NATO's criminal attack on Libya is new strategic push to the South
by Andrew Rettman via gan - EU Observer Monday, Sep 5 2011, 9:08am
international / imperialism / other press
After the West convinced Gaddafi to cease his WMD program -- they attacked him!
You can trust NATO and the US like you can trust a Cobra.
People are apt to forget that the West went to great pains to befriend Gaddafi after previous US attacks and attempts on his life. Western forces offered many incentives, mutual co-operation and 'friendship' in order to ensure that Gaddafi dismantled his WMD programs.
Paranoid Abdel Hakim Belhaj (left)
After confirming that Gaddafi had indeed complied with Western wishes the West attacked and blitzed Libya with the assistance of al-Qaeda jihadists. However, if leopards do not change their spots we can soon expect the West to turn on rebel forces; NATO is not too fussed regarding the consequences of its criminal actions. They will characteristically invent some feeble lie or excuse to MURDER whomsoever they wish.
A word of advice to the very naive al-Qaeda jihadist rebel forces: you are dealing with a KNOWN two headed Cobra, a double cross is CERTAIN, including the assassination of any rebel leaders that knows too much -- SUCKERS!
You deserve everything you get. Western forces have proven time and again they cannot be trusted, their word is equivalent to dog shit. Some people never learn.
Libyan Rebels have stupidly placed themselves in such a compromising position as to be totally dependent on the forces that will soon destroy them -- you dumb, fundamentalist, fanatical fucks!
Whatever western forces promised you it was simply a ploy to gain total control of the situation; now you're fucked if you do and fucked if you don't -- takes real fundamentalist morons to get into that situation.
However, all is not lost; you know the situation on the ground and changing tactics/sides may be your only hope of survival. Personally, I hope you continue on your present (suicidal) course, either way, YOU LOSE!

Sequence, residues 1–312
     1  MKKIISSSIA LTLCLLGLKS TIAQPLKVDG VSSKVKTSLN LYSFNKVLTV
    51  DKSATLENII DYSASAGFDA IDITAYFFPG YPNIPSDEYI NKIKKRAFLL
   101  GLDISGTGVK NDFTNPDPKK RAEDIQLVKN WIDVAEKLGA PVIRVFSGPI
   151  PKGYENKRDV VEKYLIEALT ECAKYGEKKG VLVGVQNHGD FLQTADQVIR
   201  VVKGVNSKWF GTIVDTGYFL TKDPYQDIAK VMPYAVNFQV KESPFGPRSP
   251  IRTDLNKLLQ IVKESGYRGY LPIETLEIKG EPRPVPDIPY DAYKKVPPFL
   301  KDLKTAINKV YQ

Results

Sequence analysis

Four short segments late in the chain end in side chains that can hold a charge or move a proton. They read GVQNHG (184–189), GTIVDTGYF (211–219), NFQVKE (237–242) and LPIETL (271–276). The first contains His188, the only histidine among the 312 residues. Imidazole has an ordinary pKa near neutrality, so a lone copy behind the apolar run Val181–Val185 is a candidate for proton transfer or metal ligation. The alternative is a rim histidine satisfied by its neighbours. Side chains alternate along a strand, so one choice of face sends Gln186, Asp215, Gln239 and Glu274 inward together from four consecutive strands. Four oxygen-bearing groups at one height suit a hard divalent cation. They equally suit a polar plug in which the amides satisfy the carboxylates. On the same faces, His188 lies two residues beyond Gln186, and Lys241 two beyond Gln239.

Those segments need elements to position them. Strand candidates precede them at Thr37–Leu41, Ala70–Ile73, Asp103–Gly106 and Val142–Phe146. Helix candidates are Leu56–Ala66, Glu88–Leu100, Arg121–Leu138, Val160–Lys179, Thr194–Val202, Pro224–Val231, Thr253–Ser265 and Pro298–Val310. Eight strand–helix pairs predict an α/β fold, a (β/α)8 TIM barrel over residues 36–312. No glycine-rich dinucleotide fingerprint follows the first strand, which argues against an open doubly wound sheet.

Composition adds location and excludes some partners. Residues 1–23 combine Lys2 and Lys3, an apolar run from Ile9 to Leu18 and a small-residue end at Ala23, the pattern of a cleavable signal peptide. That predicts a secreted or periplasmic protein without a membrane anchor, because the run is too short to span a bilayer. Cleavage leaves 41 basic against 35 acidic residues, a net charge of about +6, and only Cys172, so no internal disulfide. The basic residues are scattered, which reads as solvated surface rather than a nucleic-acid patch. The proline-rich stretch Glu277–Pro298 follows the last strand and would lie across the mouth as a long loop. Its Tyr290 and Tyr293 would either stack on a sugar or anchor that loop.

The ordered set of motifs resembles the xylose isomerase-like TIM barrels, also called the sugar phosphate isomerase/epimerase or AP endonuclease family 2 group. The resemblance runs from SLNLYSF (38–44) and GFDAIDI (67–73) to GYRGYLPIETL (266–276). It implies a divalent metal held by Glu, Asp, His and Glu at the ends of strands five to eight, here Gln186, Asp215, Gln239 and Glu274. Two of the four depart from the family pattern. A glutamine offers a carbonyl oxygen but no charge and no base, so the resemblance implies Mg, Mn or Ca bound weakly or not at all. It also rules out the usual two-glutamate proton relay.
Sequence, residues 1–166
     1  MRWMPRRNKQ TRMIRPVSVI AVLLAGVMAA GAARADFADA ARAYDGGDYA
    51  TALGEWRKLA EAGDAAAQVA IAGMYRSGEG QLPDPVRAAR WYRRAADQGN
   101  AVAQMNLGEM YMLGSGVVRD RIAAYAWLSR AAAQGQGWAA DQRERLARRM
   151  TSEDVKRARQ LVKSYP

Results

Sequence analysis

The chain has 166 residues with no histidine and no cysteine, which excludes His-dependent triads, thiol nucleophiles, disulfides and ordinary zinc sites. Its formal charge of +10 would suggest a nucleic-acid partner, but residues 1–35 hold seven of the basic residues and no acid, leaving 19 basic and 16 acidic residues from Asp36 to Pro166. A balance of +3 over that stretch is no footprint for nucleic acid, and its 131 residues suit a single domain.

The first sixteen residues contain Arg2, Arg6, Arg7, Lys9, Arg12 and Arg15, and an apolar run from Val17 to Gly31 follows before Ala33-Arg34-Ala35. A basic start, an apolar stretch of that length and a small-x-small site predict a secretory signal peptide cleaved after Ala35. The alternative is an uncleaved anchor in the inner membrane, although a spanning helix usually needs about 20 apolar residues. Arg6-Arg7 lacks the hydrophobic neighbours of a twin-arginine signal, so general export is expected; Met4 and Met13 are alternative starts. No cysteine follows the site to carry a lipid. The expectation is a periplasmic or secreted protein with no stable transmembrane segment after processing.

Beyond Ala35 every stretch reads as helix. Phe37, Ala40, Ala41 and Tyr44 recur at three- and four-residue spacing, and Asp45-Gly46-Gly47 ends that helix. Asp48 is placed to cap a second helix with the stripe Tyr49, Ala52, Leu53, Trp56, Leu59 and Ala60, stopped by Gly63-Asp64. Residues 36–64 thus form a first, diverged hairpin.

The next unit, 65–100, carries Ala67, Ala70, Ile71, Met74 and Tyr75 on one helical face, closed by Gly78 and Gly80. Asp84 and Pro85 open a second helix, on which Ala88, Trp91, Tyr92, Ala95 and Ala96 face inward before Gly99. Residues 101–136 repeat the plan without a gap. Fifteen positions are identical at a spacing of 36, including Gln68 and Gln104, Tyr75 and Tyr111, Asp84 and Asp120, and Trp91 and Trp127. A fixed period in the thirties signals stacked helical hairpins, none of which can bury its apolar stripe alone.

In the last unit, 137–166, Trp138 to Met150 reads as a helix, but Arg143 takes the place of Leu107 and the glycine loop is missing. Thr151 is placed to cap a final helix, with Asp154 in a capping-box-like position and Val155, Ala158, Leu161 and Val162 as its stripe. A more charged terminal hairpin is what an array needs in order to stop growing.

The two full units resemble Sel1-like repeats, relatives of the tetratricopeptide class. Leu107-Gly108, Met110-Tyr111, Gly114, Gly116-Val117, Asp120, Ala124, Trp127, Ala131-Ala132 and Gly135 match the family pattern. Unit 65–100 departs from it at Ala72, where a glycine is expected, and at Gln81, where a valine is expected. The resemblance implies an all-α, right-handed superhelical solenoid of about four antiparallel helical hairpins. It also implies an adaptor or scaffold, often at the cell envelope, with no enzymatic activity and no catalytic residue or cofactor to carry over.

Report from EU Observer follows:
The Libya conflict signals the end of Nato's eastward expansion and the beginning of a new campaign to conquer the oil-rich Muslim south, Russia's envoy to the military alliance has said.© 2011 EUobserver.com
"To us the war in Libya led by the Western coalition was an entirely new event, a new element that has to be analysed," Russia's ambassador to Nato, Dmitry Rogozin, told EUobserver in an interview on Thursday (1 September), as the anti-Gaddafi coalition met in Paris to mark its victory.
"The war was the end-stage of Nato's eastern expansion. From now on, Nato will expand toward its southern borders, it will project its efforts toward the south, toward traditional Islamic societies," he explained.
"In my own opinion - this is not the official opinion of my country - it was an oil war," he added.
"The West has failed to put forward any economic response [to the financial crisis] and now they are trying to provide their economies with cheap hydrocarbons ... What makes all these ministries in Europe so keen to spend so much money on a new military campaign? Just to help the Libyan people? If you say so, you will make me laugh."
Rogozin predicted that Libya is only "the first" country in the region to face what he called a "new crusade".
He noted that Russia will not support an EU-drafted UN Security Council (UNSC) resolution on Syria in case Nato exploits it to start a war with President Bashar Assad as well.
"Now, we cannot trust Nato. We cannot be sure that after a similar resolution is taken on Syria, they will not exceed that also, that in such a case, [Nato] bombs will start dropping on Damascus."
He said Russia is "happy" that Nato has turned its attention away from former Soviet countries toward the south.
But he predicted the development will increase anti-Western Muslim radicalism in the Middle East and inside Europe. He also voiced worries about what he sees as Nato's attempt to take over from the United Nations in terms of world governance.
"In the first stage Nato will try to become equal to the United Nations in the decision-making process and in a later stage even superior to the UN ... Nato is a group of 28 countries and some of them will withdraw from this consolidation, the alliance itself will be left as a background to this process."
Rogozin defended Russia's own role in Libya, saying it tried to act as an honest broker between Gaddafi and rebel forces and recognised the rebel leaders, the Transitional National Council, on 1 September only when the civil war had ended.
But he accused the West of "nihilism" in its "violation" of UNSC 1973, which mandated the creation of a no-fly zone and protection of civilians, but which did not give Nato the right to wage war against Gaddafi or to supply arms to rebels.
On a personal note, he also accused Nato secretary general Anders Fogh Rasmussen of lying about civilian deaths.
Referring to a Nato air strike in the Libyan town of Majer on 8 August, he said there is clear evidence that dozens of civilians, including women and children, were killed.
The Russian ambassador wrote a letter to Rasmussen after the event to seek clarification.
"I received no response from the secretary general. Instead he issued a statement saying that Nato has flown such and such a number of sorties and he said in his statement that no civilians were killed in Libya ... We were shocked."